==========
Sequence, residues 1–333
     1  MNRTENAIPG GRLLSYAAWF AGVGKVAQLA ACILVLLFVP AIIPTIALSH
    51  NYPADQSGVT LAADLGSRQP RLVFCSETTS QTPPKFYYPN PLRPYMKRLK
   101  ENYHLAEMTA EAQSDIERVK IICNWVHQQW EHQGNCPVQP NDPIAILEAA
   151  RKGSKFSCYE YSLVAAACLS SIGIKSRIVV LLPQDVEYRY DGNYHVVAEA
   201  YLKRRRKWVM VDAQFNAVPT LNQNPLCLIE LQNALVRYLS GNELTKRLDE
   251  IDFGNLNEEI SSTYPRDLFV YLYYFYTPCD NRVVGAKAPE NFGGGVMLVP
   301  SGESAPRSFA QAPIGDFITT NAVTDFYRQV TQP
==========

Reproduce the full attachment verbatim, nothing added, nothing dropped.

Sequence, residues 1–333
     1  MNRTENAIPG GRLLSYAAWF AGVGKVAQLA ACILVLLFVP AIIPTIALSH
    51  NYPADQSGVT LAADLGSRQP RLVFCSETTS QTPPKFYYPN PLRPYMKRLK
   101  ENYHLAEMTA EAQSDIERVK IICNWVHQQW EHQGNCPVQP NDPIAILEAA
   151  RKGSKFSCYE YSLVAAACLS SIGIKSRIVV LLPQDVEYRY DGNYHVVAEA
   201  YLKRRRKWVM VDAQFNAVPT LNQNPLCLIE LQNALVRYLS GNELTKRLDE
   251  IDFGNLNEEI SSTYPRDLFV YLYYFYTPCD NRVVGAKAPE NFGGGVMLVP
   301  SGESAPRSFA QAPIGDFITT NAVTDFYRQV TQP